gms | German Medical Science

131. Kongress der Deutschen Gesellschaft für Chirurgie

Deutsche Gesellschaft für Chirurgie

25.03. - 28.03.2014, Berlin

Outcome of Cardiac Surgical Patients after Postoperative Cardiopulmonary Resuscitation

Meeting Abstract

  • Sems Tugtekin - Herzzentrum Dresden, Herzchirurgie, Dresden
  • Klaus Matschke - Herzzentrum Dresden, Herzchirurgie, Dresden
  • Manuel Wilbring - Herzzentrum Dresden, Herzchirurgie, Dresden
  • Antonia Schüssler - Herzzentrum Dresden, Herzchirurgie, Dresden
  • Christian Georgi - Herzzentrum Dresden, Herzchirurgie, Dresden

Deutsche Gesellschaft für Chirurgie. 131. Kongress der Deutschen Gesellschaft für Chirurgie. Berlin, 25.-28.03.2014. Düsseldorf: German Medical Science GMS Publishing House; 2014. Doc14dgch154

doi: 10.3205/14dgch154, urn:nbn:de:0183-14dgch1547

Published: March 21, 2014

© 2014 Tugtekin et al.
This is an Open Access article distributed under the terms of the Creative Commons Attribution License ( You are free: to Share – to copy, distribute and transmit the work, provided the original author and source are credited.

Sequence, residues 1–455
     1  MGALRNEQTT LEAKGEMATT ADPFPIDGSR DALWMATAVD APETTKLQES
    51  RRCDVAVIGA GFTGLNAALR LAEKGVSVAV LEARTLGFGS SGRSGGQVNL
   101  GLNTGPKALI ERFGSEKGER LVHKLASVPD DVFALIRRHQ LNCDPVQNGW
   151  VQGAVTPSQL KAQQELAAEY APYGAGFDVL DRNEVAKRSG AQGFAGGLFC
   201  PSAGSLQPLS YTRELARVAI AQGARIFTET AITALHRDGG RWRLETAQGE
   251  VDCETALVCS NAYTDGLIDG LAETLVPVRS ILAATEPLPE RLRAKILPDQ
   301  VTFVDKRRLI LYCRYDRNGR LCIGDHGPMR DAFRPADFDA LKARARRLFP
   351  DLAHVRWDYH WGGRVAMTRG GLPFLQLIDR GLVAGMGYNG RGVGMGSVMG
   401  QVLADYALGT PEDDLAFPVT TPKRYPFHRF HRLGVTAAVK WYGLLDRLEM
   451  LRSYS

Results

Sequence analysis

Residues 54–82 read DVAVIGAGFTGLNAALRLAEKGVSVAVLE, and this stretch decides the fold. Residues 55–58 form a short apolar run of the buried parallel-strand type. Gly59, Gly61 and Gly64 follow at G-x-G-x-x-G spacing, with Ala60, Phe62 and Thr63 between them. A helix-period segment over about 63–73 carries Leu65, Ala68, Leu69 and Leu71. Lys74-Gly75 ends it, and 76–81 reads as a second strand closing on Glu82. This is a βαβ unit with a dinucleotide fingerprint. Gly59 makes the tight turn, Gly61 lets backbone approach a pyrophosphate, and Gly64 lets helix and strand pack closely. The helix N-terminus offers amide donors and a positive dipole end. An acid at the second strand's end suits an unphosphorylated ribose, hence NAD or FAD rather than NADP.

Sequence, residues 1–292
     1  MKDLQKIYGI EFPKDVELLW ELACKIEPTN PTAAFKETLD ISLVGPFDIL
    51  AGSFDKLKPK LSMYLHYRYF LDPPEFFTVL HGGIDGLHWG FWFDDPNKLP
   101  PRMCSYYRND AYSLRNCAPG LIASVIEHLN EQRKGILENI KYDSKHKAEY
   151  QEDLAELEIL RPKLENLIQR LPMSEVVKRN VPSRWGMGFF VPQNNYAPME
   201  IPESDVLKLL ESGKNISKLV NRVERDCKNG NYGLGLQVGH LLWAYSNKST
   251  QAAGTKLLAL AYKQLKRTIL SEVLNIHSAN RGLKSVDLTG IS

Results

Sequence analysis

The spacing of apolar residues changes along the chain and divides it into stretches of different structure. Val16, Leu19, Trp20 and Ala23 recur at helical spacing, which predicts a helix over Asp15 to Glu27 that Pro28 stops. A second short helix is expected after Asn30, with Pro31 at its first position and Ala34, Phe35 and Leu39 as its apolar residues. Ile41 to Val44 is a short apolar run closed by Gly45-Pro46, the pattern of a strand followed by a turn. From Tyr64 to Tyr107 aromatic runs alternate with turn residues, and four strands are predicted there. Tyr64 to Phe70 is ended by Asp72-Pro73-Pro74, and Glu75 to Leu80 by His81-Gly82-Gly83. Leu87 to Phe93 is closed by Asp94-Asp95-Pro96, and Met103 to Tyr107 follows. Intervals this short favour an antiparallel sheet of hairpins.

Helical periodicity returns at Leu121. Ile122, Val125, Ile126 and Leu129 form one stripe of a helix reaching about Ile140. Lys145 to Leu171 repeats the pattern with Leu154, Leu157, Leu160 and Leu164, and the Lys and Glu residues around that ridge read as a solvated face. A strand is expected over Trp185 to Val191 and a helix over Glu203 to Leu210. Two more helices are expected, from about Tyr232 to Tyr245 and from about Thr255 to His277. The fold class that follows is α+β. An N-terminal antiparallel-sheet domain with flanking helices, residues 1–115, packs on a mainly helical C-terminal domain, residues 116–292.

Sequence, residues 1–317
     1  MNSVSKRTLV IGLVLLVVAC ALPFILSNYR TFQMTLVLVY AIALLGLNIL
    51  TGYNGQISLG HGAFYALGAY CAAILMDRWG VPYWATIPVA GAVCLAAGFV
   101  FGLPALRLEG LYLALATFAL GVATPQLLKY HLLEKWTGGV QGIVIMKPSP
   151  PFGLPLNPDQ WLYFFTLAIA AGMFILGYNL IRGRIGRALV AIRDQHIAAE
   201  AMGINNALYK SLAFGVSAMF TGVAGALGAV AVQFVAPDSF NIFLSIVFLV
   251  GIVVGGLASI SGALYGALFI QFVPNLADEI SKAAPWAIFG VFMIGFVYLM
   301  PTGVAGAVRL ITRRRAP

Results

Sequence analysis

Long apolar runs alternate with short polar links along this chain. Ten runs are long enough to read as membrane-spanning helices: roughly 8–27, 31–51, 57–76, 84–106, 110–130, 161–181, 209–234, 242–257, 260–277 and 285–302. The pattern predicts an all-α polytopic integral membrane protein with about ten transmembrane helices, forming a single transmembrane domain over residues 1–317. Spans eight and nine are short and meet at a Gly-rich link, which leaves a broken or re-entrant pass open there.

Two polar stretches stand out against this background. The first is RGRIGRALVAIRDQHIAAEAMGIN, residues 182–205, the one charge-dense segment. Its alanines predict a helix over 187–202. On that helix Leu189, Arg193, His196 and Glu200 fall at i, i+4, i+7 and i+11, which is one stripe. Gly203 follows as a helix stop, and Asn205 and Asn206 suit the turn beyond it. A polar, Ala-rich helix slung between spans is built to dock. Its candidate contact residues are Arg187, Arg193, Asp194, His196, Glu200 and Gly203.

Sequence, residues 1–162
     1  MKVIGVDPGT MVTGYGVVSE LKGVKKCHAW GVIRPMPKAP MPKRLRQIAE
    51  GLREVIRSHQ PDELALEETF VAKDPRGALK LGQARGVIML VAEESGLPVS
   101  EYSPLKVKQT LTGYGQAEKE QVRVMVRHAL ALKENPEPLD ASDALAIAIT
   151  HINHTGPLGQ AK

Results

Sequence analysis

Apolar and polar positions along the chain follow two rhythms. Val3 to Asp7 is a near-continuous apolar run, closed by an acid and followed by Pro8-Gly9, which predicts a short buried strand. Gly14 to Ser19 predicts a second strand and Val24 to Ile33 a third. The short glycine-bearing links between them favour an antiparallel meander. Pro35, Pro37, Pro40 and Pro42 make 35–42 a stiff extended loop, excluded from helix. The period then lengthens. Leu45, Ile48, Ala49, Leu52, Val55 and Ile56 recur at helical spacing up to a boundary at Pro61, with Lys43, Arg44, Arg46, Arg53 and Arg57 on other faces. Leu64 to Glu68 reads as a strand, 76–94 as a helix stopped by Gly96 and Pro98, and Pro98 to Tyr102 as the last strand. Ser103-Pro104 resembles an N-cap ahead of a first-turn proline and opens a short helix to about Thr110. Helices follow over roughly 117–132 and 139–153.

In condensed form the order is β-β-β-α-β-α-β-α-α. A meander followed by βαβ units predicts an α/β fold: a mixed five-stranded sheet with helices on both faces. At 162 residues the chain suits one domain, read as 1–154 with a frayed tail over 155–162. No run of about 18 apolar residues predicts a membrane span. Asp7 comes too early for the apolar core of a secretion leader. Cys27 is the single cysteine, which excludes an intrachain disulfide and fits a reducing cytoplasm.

Background: Only little information exists concerning outcome of patients needing cardiopulmonary resuscitation (CPR) after cardiac surgery. We evaluated corresponding patients and their outcomes during hospital stay and further follow-up.

Patients and Methods: In 2007 and 2008 a total of 4.021 patients underwent cardiac surgery. Out of these, 129 patients (3.2%) needed CPR during their primary hospital stay. Hospital and post-hospital outcome of the CPR-patients was retrospectively analyzed. The patients were predominantly male (61.5%) with an age averaging 70.9±9.9 years. Mean follow-up was 56.0±149.2 days, ranging from 0 to 878 days.

Results: Cardiac surgery consisted of isolated aortic valve replacement (35.0%, AVR), isolated coronary artery bypass grafting (31.3%, CABG) and AV-valve surgery (30.0%). Less frequent procedures were combined AVR/CABG (2.5%) and VSD-closure (1.3%). CPR took place after a median of 3.5 days after surgery with a mean duration of 21.1±19.3 min. Neuroprotective hypothermia (32°C for 24h) was established in 22.2%. Reasons for CPR were supposed to be rhythm-associated (67.1%), low cardiac output (27.5%) and respiratory failure (5.4%). CPR was primary successful in 69.5% (n=90), but subsequently further 53 patients died, which equals a final mortality of 71.3% (n=92). Morbidity after CPR consisted of neurologic deficit (12.2%), airway infection (28.1%), impaired wound healing (13.3%) and renal failure (41.8%). Mean ventilation time and ICU-stay after CPR were 68.8 ± 192.4 hours and 2.5 ± 7.2 days, respectively.

Conclusion: Patients needing CPR post-cardiac surgery, are affected from discouraging high mortality and morbidity with a significant consumption of hospital resources. All endeavor must be made in preventing CPR.